05 Dec The Anatomy of a Lead-Generating Website
By Lindsay Kolowich
Your website is the most important tool you have for turning prospects into customers.
There are plenty of ways to increase the number of people visiting your site, but unless you convert these visitors into leads, you won’t be able to ultimately get new customers. As a result, your business won’t be able to grow at a healthy rate.
That’s why it’s so important to design your website with lead generation top-of-mind.
Think about what your website looks like in its current state. Do each of your webpages clearly guide visitors to take action, or does they leave them wondering what to do next? Do you use a tool that automatically pulls the submissions from your forms and puts them into your contact database? Are you creating custom landing pages for every single campaign that you run? Do you have lead generation CTAs on each of your blog posts? (Do you have a blog at all?)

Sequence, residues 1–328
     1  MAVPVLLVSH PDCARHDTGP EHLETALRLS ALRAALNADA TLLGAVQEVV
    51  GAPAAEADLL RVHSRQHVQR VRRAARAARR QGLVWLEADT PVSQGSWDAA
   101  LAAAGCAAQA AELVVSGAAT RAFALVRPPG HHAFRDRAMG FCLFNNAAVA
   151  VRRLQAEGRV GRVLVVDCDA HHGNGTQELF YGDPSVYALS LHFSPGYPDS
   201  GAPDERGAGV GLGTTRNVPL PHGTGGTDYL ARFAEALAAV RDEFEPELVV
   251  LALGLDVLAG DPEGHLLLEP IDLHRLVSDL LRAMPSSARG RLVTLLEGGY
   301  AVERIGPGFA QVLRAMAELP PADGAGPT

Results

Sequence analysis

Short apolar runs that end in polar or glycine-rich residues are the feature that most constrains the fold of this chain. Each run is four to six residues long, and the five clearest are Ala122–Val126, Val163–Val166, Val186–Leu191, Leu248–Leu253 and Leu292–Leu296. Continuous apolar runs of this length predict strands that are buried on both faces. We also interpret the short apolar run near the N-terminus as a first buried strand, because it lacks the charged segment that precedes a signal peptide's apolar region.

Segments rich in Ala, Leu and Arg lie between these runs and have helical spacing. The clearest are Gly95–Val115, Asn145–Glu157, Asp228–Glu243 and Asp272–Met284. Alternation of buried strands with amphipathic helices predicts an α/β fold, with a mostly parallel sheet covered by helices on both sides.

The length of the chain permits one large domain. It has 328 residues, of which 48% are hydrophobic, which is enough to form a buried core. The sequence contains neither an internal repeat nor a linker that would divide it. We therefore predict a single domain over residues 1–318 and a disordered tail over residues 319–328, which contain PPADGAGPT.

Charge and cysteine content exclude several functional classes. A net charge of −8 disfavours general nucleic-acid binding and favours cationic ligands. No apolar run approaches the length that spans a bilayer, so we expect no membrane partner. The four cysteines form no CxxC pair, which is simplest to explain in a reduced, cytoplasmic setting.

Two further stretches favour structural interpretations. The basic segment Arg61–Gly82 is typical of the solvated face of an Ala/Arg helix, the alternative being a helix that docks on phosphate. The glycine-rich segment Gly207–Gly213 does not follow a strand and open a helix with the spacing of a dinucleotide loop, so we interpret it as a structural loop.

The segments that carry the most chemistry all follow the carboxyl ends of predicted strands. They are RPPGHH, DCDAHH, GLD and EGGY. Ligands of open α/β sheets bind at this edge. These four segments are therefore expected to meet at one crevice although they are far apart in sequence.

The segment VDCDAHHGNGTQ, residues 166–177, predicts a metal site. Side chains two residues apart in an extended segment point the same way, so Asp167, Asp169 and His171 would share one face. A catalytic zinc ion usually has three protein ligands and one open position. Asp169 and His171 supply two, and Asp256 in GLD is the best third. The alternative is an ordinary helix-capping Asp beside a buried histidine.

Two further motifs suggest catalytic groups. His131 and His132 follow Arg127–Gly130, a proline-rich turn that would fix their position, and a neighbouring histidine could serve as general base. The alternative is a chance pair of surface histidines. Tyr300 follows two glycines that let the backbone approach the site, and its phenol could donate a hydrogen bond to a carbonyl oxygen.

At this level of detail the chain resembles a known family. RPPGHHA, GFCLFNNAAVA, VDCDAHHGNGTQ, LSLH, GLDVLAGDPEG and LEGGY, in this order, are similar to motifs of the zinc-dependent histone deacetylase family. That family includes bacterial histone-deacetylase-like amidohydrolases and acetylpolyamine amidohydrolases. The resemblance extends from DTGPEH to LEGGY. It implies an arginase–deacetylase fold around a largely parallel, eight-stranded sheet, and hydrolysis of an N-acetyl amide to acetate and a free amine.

If you’re starting to think hard about the opportunities you have to increase conversion on your site, you’ve come to the right place.
In this post, we’ll cover the most critical components of a website optimized for lead generation. You’ll find useful tips in here whether you’re coming from a startup generating leads from scratch, or from a well-established business looking to tighten up your website to increase conversions.
The Anatomy of a Lead-Generating Website
1) Lead generation forms
Forms are the crux of any business’ lead generation efforts. Without them, you won’t be able to get contact information that your site visitors actually opt in to give you. The opting in part is important: When people voluntarily hand over their information by filling out a form, they’re actively showing interest in your business, your products, or your content. These leads are valuable because they’re more likely to turn into customers down the road.
Embedding lead generation forms directly on your website makes it easy for visitors to convert into leads. If you’re a HubSpot customer, you can create forms right in HubSpot and either add them to your webpages or embed them elsewhere. Non-HubSpot customers can turn to form-embedding tools like Contact Form 7, JetPack, or Google Forms.